Tuesday, February 19, 2013

A Wealth of Maps

Roleplaying gamers today enjoy a wealth of maps due in greater part to the Internet Age enabling many creative individuals to share their work.

Dyson Logos sets the bar for "old-school" style maps.
In the old days -- particularly during the “Golden Age of Roleplaying” (the early 1980s) -- gamers used to wait every month for a new map from either the latest adventure module or the pages of one’s favorite gaming magazine, a field dominated by the venerable, late, and lamented Dragon Magazine. Most came attached to a ready-made scenario, though unstocked dungeon geomorphs also existed. Many gamers created their own maps by hand in an age before PhotoShop, cell phone cameras, and scanners (or personal computers, for that matter), though these rarely went farther than their local group of players. Gamers relied on publishers for their map fix.

In today’s Internet Age talented individuals -- regardless of formal graphic arts pedigrees -- generate a multitude of interesting, exceptional maps, many designed specifically for gamers to download and stock for their own game campaign dungeons. (This stands as one of the great achievements of the Internet Age: enabling individuals to share their creations among a vast, world-wide community of like-minded people.)

Although I prefer rendering my own maps in my particular style for my own projects, I admire and wish I had the talent and time to emulate others posting free map resources on the internet:

Doug Anderson over at the Blue Box Rebellion blog provides some fantastic graphic offerings on a number of levels, from geomorphs and city maps to character and equipment sketches (most geared toward the free Dungeonteller game he’s working to upgrade). His recently posted cutaway dungeon maps not only serve as diagrams of dungeon locations but artfully communicate a sense of atmosphere with minute details and textures; they are absolutely amazing works of art and fully functional dungeon maps. Don’t miss the wonderfully rendered, top-down dungeon geomorphs as well as a host of other free resources in the blog sidebar.

Dyson Logos has rocketed to the forefront of the online dungeon map scene with weekly (at least) posts of personal maps he’s drawn, scanned, and posted at his Dyson’s Dodecahedron blog. His style -- solid lines, hand-rendered cross-hatching, intuitive dungeon symbols -- most mirrors my own cartography. Aside from admiring his artistic talent, I hold him in high esteem for the amazing output of maps he generates and his generosity in posting them for free online for gamemasters to stock with monsters, traps, and challenges for their own dungeon adventures. His Dyson’s Delve books combine a map on one page with a fill-in-the-blank location key on the facing page, a novel means of encouraging gamemasters to create their own adventures and customize their print gaming books.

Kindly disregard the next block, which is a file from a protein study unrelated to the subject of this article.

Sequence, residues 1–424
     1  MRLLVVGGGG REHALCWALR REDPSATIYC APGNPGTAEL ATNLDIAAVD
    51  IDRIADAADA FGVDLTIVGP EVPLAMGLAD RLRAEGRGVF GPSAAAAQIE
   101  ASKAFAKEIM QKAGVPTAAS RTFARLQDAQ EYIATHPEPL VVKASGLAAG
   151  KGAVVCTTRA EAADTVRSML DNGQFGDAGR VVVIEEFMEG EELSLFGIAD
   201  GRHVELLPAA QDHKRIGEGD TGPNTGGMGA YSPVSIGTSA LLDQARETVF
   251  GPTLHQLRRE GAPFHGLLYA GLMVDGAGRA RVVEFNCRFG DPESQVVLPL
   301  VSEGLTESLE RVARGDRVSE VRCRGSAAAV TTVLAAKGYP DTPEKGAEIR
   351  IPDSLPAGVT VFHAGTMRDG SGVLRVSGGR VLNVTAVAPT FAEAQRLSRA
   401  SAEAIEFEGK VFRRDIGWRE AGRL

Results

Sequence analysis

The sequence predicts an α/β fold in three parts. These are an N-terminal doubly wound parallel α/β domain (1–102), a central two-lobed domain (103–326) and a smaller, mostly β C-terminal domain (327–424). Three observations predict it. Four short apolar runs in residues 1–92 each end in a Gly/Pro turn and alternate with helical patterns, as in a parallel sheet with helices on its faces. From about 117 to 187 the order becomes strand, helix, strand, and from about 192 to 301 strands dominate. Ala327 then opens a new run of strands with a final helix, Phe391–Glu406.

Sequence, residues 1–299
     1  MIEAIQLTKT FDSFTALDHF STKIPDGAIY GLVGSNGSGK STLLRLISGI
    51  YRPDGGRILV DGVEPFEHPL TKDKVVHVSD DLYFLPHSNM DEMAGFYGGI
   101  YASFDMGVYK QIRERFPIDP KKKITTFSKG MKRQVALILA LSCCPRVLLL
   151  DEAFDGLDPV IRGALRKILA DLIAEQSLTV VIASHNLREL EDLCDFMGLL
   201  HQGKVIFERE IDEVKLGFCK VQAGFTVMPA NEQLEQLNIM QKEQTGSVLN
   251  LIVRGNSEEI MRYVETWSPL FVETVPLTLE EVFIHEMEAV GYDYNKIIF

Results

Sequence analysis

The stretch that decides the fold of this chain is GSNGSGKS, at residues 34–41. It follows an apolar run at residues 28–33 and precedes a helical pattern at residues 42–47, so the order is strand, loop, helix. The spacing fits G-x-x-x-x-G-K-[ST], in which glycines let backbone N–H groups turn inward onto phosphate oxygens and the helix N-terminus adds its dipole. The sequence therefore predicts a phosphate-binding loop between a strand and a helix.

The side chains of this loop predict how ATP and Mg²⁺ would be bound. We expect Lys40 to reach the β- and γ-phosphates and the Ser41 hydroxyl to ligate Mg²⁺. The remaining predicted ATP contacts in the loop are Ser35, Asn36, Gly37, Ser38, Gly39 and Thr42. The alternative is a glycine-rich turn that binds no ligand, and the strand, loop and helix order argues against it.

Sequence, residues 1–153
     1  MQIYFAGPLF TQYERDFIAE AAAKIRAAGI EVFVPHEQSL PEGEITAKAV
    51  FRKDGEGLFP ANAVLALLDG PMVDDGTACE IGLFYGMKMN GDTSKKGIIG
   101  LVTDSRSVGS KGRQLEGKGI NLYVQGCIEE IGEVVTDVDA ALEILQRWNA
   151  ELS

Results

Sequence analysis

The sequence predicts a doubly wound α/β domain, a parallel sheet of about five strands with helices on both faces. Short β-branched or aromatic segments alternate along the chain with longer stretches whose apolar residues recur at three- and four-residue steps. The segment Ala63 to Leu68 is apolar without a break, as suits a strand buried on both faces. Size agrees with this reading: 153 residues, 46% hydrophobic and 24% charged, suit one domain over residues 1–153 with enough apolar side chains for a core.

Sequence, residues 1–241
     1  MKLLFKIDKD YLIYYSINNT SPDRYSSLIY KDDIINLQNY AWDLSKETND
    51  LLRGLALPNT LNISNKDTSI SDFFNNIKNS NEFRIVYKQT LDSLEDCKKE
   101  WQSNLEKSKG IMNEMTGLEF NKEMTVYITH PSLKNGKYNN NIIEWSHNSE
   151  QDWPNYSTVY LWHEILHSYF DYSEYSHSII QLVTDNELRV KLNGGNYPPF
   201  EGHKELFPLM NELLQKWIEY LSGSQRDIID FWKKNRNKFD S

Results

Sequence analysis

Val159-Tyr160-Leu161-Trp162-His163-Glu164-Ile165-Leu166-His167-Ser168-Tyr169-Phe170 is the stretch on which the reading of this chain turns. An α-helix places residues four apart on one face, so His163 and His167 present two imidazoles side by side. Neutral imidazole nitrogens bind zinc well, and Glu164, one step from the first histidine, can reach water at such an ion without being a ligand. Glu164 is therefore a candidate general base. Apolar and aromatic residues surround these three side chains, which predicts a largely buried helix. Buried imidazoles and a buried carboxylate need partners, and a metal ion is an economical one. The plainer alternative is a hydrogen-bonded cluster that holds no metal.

Billiam Babble over at the Inked Adventures blog -- and through his e-storefront at DriveThruRPG and its affiliates -- offers some amazing top-down dungeon geomorphs, many free from his site, with a more complete catalog of affordable sets at DriveThruRPG. The print-and-play nature of these nicely rendered materials means gamemasters can print and trim what they need and lay out a visually appealing dungeon map with a three-dimensional feeling. They’re ideal for use with miniatures, though at a smaller print scale they could generate professional-looking map layouts, too.

Matt Jackson’s Lapsus Calumni blog features many useful gaming resources, particularly his Moleskin Maps. Jackson’s style ranges from basic scans of his notebook maps to carefully finessed final pieces with a more polished, noticeably more computer-assisted sheen. His PDF Moleskin Map publications use the maps with fill-in location key format, quite useful in that one can print out new maps and keys as needed. He’s rendered maps professional for several game publishers, including Chubby Monster Games, of which he’s a co-founder.

Gus L’s posts at Dungeon of Signs frequently include map elements, many keyed for adventures or intriguing locations. The maps often reflect a quite organically grotesque and borderline Lovecraftian style. Of particular interest are his “tourist” maps of general dungeon regions or sections of the innovative HMS Appolyon setting, “a miles long demon and monster haunted cruise ship that travels between worlds and frequently 'rescues' individuals from the seas it traverses.” His numerous PDF scenarios include maps and artwork in a similar organically spontaneous style.

John Carr’s Age of Ruins blog features a weekly “Saturday Morning Maps” post primarily populated by his original maps. His cross-hatching method -- alternating diagonals filling individual graph paper squares -- isn’t quite as organic as freehand crosshatching like Dyson Logos employs, but lends maps an almost mesmerizing quality.

Stonewerk’s Blog offers a slew of maps and geomorphs with a nice professional polish, all inspired by the old school renaissance blog scene and the phenomenal maps of Dyson Logos (see above). Besides the maps and standard top-down geomorphs, it offers a selection of “vertical” geomorphs for an elevational perspective on a dungeon. It’s also a good source of map-related news and links (as are the blog rolls of any of these blogs).

I’m sure I’m missing many worthy cartographers and their fine work, but these came to my attention online and continue to garner my interest as they update websites and blogs with new work to inspire gamemasters and keep the craft of roleplaying game mapmaking alive. Browsing any of the blog rolls on these websites can lead to a lot of wasted time but a wealth of information on maps and old-school renaissance-style games.

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